Court documents in the ongoing case between President Dr Mokgweetsi Masisi’s relatives Joseph Pilane, Kelebogile Monnaatshipi, and Phadi Mmutle show that the family established G&M Building Services (PTY) Ltd in May 2001, before it was re-registered in 2021.
Pilane is suing G&M Building Services, Kelebogile Monnatshipi, Tswela Khumo Ventures, and Huashi Li for P17.5 million as part of his shares for the P550 million Good Hope Sub-District Council Water Supply project.
In their joint affidavit, the defendants deny that Huashi Li was a shareholder in G&M Building Services but only signed some documents in Tiayuan Construction Group Limited, Pre-Con Construction PTY Limited, and G&M Building Services (GBS).
“Such signing cannot have been confirmation of any statement that the Huashi Li is a shareholder in GBS, or validation of any alleged statement made by him”.
Further, they deny that Pilane was a shareholder in GBS adding that he has failed to show who he got the shares from, and how much he paid for them, or how he got them.
“Even on the basis of the share certificates that have been attached, it cannot be said that Pilane was shareholder of GBS. The said share certificates do not appear to be genuine documents as they were allegedly given out on 18th February 2021, yet are stamped 28th February 2019; He has failed to show he was ever on the share register and was unlawfully removed,” reads the affidavit in part.
They say Pilane is not clear on whether his shares amount to 20 or 40 percent.
- Advertisement -
The defendants say the fact that his name appeared as shareholder at time of re-registration does not take away the fact that he never acquired shareholding in GBS.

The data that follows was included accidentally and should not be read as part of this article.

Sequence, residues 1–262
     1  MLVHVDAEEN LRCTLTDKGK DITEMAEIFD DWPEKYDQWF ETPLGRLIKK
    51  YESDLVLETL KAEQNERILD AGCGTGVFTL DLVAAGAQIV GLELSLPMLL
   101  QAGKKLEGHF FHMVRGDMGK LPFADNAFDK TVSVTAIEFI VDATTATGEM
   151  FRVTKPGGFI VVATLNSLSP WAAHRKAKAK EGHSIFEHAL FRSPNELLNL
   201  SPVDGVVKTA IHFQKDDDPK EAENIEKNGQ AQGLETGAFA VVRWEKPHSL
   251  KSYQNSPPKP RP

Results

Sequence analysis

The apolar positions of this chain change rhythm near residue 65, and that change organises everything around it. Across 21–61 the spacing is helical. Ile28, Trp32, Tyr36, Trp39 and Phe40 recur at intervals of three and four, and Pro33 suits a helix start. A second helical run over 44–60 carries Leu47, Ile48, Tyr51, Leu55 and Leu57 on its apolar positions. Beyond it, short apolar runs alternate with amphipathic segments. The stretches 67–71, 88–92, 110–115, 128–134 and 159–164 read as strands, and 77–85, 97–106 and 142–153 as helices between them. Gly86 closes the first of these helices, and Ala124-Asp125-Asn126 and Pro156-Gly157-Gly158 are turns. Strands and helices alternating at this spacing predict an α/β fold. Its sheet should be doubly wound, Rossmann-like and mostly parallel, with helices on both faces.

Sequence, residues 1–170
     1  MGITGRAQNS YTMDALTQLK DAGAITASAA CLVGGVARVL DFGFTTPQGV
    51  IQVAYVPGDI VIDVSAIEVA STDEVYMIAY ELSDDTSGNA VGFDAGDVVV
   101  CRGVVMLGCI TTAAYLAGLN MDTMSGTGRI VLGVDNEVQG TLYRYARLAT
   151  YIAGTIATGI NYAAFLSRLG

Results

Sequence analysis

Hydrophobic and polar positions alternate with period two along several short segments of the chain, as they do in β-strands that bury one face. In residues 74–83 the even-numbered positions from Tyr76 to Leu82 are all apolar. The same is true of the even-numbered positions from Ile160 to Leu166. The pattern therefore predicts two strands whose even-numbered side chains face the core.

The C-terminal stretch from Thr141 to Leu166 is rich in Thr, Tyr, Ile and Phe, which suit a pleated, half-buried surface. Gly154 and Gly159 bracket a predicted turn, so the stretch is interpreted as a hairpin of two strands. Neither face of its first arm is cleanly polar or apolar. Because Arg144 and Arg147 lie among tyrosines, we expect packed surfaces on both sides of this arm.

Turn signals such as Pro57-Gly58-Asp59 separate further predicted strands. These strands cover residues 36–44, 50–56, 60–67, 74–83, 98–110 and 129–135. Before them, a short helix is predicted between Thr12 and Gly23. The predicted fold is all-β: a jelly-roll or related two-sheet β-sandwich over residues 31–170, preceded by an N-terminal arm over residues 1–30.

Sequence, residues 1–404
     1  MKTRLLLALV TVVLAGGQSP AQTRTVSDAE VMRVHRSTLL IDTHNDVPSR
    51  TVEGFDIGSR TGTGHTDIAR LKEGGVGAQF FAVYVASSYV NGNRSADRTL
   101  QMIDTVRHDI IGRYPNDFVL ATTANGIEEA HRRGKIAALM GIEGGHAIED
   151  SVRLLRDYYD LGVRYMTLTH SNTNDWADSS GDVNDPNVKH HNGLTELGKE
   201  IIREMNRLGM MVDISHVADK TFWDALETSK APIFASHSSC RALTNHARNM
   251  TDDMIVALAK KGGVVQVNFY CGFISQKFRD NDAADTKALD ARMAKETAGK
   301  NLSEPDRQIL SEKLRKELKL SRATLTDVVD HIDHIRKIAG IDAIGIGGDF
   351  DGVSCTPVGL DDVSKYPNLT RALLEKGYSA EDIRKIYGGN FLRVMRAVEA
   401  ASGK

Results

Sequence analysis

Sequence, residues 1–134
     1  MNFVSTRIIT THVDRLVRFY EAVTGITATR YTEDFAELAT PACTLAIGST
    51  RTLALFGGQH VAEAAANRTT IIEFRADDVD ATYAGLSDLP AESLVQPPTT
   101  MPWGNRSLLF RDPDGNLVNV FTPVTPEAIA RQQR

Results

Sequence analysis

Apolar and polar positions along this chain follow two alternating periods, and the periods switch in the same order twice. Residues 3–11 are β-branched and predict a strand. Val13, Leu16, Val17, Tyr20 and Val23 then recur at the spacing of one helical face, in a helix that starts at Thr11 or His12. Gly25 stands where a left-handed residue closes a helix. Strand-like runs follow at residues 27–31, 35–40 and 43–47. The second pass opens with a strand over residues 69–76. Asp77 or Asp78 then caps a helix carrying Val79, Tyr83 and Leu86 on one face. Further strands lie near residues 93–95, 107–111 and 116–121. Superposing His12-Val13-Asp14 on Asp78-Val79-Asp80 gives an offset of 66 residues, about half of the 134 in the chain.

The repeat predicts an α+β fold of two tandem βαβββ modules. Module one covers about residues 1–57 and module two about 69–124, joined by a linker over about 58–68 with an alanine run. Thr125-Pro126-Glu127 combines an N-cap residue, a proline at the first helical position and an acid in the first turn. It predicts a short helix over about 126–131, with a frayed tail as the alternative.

They also argue that the fact that Pilane participated in preparation for some tender documents did not mean that he was somehow paying for the shares as he claims, stating that he never acquired any shares from either of the defendants.
“The Plaintiff was at the material time employed by Pre-Con Construction (PTY) Ltd. Whatever assistance he may have rendered was not as him making payment for any shareholding,” the affidavit further reads.
The defendants also deny allegations that Huashi Li ordered Pilane to resign or that he made any orders to him. “What the Plaintiff states is a figment of his imagination, to try to appear the victim, which is most unfortunate and untenable”.
The defendants argue that Pilane voluntarily resigned from GBS and was never forced by anyone, but only reversed the resignation when the matter was before the court.
They further deny that Pilane’s shares were transferred to Tswela Khumo Ventures saying that the defendants got their shares from different parties.
- Advertisement -
They say Pilane cannot be entitled to any amount of profit that is yet to be realized. “Profit can only be claimed once they have been realized and not on speculative basis”.
Further, they argue that there is no basis for the defendants to be jointly or severally liable for the amount claimed.
Meanwhile, Pilane confirmed that the company was re-registered in August 2021 with shareholders being Kgannyeng (40%), Monnatshipi (20%) and Pilane (40%).
He said he was pressurized to resign at a meeting held at Phakalane Golf Estates in May 2021 after GBS tendered for the Goodhope water supply scheme in joint venture with Tianyuan Construction. He said the company submitted as its directors Kgannyeng, Monnatshipi, and Pilane.
He said he was surprised to discover during an online search on CIPA website on May 21st, 2021 that Monnatshipi was an 80 percent shareholder, whilst Tswela Khumo ventures was a 20 percent shareholder of GBS.
He argues that the purported reconstitution of GBS shareholding unlawfully affected his 40 percent shareholding hence the court matter.
- Advertisement -
He said the company had stopped paying him the P45,000.00 per month directors fee
He further argued that although Huashi Li is neither listed as shareholder nor director of GBS, he is nevertheless in charge of the company and refuses to account, even to speak to him.
Initially Pilane had wanted the company to be liquidated before settling for a P17.5 million compensation.
Huashi Li said they had a business relationship that was simply to the extent of collaborating on projects between the parties and nothing beyond that.
The matter resumes before Justice Michael Leburu next month.